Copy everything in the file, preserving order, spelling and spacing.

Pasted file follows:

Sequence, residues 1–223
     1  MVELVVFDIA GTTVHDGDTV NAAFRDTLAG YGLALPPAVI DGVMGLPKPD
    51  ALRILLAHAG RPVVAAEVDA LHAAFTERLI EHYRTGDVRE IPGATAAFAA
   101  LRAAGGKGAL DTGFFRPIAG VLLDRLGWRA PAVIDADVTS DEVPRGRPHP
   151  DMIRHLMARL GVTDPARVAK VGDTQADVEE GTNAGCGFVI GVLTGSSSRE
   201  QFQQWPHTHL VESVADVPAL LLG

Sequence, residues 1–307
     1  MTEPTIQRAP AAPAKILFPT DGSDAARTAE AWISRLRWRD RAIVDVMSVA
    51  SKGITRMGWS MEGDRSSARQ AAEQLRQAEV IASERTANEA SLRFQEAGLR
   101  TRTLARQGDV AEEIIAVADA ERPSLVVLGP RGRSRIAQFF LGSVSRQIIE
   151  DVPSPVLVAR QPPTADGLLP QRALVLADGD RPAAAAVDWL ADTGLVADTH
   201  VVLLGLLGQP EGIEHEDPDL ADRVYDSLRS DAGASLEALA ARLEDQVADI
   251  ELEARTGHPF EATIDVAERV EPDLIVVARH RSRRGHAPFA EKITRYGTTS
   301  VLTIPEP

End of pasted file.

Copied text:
Sequence, residues 1–223
     1  MVELVVFDIA GTTVHDGDTV NAAFRDTLAG YGLALPPAVI DGVMGLPKPD
    51  ALRILLAHAG RPVVAAEVDA LHAAFTERLI EHYRTGDVRE IPGATAAFAA
   101  LRAAGGKGAL DTGFFRPIAG VLLDRLGWRA PAVIDADVTS DEVPRGRPHP
   151  DMIRHLMARL GVTDPARVAK VGDTQADVEE GTNAGCGFVI GVLTGSSSRE
   201  QFQQWPHTHL VESVADVPAL LLG

Sequence, residues 1–307
     1  MTEPTIQRAP AAPAKILFPT DGSDAARTAE AWISRLRWRD RAIVDVMSVA
    51  SKGITRMGWS MEGDRSSARQ AAEQLRQAEV IASERTANEA SLRFQEAGLR
   101  TRTLARQGDV AEEIIAVADA ERPSLVVLGP RGRSRIAQFF LGSVSRQIIE
   151  DVPSPVLVAR QPPTADGLLP QRALVLADGD RPAAAAVDWL ADTGLVADTH
   201  VVLLGLLGQP EGIEHEDPDL ADRVYDSLRS DAGASLEALA ARLEDQVADI
   251  ELEARTGHPF EATIDVAERV EPDLIVVARH RSRRGHAPFA EKITRYGTTS
   301  VLTIPEP